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Packraft Day 1 - The Hike to the River
Sunday, May 12
Gino the Taskmaster had issued a decree the night before: he wanted to be on the march down towards the Escalante River by 7a.m. That was met with a round of raised eyebrows and perhaps a snicker. Gino relented a little at pushed that back to 7:30, but with nine people not fully revved up into backpacking mode, that still seemed like a stretch. In any case, we rose out of our tents roughly when the morning twilight was bright enough for us to see without headlamps (perhaps roughly around 5:45 am).
Egypt First Light
Escalante Skyline
The Hazy Flats
It took a fair bit of time for everyone (well, except Gino, of course) to get their stuff organized, breakfast completed, morning constitutionals finished, and packs readied. And, by 7:30 a.m., Gino's new no-later-than time, we were ... I'll say... mostly ready, with a few final things being packed, a final scan of our rental vehicle, and some futzing to figure out how to pack this strange rafting gear onto our packs. At 7:45 a.m., only fifteen minutes behind schedule, we posed for a group "before" picture. Let the adventure begin!
Trip Leader, Ready
Corralling the troops
Ready to start
The hike from the Egypt Trailhead to the Escalante River is really fairly straightforward. From the parking area, a couple of small cairns mark a point at the edge of the plateau we were on. From this point, a large expanse of the Escalante drainage dropped away before us - at first smooth slickrock, followed by some scrubby flat desert. In the mid-distance, we could see a shady low point in the landscape - and in that low point, the Escalante River flowed.

The route (marked by the occasional cairn) led back and forth down steep slickrock. Following the cairns is fairly important since it charts the least-steep route down the slickrock, which was probably a good idea given the fairly heavy loads we were carrying.
courtesy BConnell
Setting off
Descent off the rim
Parade of Paddles
courtesy SWard
courtesy BConnell
Happy Hikers
Down the slickrock
A Happy Alana
courtesy JInnes
A resting Andrew
Cairns continued to lead us downhill on smooth slickrock, and within about 30 minutes we had descended to a flat area of scrubby desert, where the slickrock ended. A very distinct trail led through the vegetation, alternating between stretches of sand and bedrock. A lot of hikers (a lot of hikers in the context of the Escalante, which is not really all that many) use this trail, and so it is prominent and well-trodden. We soon passed by a Glen Canyon National Recreation Area sign, marking the point where we departed the lands of the Grand-Staircase Escalante National Monument.

Although our packs were full with seven days of backpacking gear and food, in addition to a full-sized packraft and paddles, our packs were not immensely heavy. Perhaps I'd say 50 ish pounds. Let's just say I've carried much worse over the years.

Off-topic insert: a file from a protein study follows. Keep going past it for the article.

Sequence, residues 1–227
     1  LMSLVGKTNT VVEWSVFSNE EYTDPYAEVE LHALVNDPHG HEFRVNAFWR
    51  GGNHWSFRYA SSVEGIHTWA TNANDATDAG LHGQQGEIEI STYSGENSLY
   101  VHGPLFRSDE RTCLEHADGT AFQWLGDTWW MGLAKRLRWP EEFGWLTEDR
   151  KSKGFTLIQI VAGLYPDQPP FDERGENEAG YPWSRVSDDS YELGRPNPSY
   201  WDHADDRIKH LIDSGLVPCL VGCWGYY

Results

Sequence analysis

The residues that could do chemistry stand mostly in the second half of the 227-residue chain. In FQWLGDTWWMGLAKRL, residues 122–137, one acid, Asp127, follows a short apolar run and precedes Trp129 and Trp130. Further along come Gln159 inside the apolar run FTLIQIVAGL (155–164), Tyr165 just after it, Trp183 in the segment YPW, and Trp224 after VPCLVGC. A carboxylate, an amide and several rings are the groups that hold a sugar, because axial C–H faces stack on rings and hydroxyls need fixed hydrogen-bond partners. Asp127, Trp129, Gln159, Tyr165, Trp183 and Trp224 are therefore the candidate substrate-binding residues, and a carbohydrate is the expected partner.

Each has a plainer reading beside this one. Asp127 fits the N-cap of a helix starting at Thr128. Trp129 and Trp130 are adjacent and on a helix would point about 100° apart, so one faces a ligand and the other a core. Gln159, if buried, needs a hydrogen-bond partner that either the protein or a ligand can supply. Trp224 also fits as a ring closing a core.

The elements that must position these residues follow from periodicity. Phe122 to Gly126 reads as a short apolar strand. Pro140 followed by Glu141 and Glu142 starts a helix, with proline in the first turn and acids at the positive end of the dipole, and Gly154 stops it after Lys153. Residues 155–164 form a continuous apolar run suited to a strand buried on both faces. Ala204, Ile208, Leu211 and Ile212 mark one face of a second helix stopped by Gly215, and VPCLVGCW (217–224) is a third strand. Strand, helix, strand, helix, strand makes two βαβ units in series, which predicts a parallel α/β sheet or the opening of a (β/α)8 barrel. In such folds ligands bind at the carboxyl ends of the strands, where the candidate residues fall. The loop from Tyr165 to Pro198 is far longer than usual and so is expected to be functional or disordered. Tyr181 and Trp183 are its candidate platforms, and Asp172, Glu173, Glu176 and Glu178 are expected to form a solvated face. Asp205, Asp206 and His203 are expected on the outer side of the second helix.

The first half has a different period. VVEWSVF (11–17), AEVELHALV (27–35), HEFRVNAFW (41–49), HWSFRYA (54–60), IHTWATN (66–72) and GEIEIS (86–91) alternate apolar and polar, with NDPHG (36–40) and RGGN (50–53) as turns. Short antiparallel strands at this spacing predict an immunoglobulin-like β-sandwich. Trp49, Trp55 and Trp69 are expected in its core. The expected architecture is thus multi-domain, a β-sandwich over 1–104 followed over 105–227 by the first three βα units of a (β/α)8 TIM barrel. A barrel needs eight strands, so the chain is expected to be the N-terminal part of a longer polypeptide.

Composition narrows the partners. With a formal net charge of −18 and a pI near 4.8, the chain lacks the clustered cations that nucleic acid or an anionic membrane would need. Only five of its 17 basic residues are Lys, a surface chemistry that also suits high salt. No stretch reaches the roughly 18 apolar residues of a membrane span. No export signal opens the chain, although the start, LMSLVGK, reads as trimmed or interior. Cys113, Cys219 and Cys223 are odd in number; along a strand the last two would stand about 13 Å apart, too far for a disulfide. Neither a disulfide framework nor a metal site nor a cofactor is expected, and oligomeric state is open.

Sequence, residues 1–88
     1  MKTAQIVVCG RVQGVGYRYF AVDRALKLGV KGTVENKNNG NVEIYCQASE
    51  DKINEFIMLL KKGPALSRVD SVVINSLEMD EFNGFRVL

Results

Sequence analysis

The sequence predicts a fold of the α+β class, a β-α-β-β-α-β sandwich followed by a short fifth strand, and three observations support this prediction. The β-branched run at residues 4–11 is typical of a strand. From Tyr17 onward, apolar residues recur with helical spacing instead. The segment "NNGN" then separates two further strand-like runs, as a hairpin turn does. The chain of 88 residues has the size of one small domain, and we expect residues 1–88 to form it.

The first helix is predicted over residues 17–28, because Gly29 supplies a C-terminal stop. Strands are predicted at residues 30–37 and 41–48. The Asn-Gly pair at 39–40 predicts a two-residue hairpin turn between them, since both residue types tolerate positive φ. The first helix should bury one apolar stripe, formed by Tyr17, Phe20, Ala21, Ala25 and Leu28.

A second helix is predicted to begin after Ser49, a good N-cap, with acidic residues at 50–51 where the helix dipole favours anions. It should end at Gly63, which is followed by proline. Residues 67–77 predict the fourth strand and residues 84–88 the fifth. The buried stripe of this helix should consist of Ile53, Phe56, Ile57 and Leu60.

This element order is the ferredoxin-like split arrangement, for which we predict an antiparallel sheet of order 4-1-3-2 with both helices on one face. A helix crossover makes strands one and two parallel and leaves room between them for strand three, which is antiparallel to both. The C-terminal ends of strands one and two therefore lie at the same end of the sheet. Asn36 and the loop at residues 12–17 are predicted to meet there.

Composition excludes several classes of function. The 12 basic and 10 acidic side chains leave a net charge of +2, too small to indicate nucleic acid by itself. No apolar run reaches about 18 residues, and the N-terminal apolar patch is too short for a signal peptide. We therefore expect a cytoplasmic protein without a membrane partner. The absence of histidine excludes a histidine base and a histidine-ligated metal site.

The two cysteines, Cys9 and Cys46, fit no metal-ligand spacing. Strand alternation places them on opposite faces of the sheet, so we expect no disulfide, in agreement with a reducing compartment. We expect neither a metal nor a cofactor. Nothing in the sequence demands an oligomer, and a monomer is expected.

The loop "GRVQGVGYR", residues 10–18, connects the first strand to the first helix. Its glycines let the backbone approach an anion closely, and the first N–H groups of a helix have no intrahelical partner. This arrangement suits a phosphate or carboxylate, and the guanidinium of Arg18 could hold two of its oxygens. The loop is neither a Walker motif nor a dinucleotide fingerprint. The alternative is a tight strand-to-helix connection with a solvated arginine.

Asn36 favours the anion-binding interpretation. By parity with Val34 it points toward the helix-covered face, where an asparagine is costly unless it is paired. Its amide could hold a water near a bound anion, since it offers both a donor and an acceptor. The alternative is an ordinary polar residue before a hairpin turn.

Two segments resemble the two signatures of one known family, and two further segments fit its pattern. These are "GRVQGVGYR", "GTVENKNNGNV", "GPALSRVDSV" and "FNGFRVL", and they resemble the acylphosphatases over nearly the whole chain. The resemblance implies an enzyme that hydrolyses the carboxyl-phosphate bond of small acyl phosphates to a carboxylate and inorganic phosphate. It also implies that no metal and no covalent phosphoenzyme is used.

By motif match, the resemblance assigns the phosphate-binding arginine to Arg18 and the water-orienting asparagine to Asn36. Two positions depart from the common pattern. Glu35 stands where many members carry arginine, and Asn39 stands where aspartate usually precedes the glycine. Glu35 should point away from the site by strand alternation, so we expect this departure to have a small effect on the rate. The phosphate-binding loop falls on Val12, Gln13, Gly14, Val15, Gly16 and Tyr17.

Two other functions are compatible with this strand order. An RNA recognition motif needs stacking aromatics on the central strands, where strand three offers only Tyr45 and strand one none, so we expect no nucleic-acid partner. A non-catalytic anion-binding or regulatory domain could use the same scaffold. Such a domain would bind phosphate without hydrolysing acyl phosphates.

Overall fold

courtesy BConnell
courtesy SWard
Glen Canyon NRA
Looking back towards Egypt
After a kilometre or two of hiking along the flats, we came to the rim of one of the arms of Fence Canyon - a fairly short y-branched side drainage that descended to the Escalante River. The prominent access trail we were one followed along the top of one of these branches, and below we could see a line of puffy green cottonwood trees that was a sure marker of water. Ahead, we could now see the T-junction with the Escalante, and a broader swath of green cottonwood crowns.

It was a clear and still morning, and although it was not desert-class hot, it was still warm enough and we were still exerting enough that a decent packs-off rest break - in the shade - was soon warranted.
courtesy BConnell
Already far from Egypt
Fence Canyon
Along lower rim
Morning Break
After our break, it was time to tackle the final descent to the Escalante River. The trail was well-marked and exploited some convenient ledges as it wound back and forth, switchbacking down into the southern branch of Fence Canyon. Soon we were only a few tens of feet above the line of Cottonwoods that marked the bottom of the canyon, and we could indeed see the small flow of a creek and a rich little environment of various happy river plants. Our trail followed along above the greenery until we got to the junction of Fence canyon's "Y", at which point we descended into the thick river vegetation and started following a distinct path through it.
Descent into Fence
Almost in the trees
Arriving Escalante
From that point, it was only another few minutes of walking, through the beautiful green cottonwood forest near the mouth of Fence Canyon, to the banks of the Escalante River. The river looked.... placid and shallow. But it *seemed* like it was floatable. Hopefully floatable.
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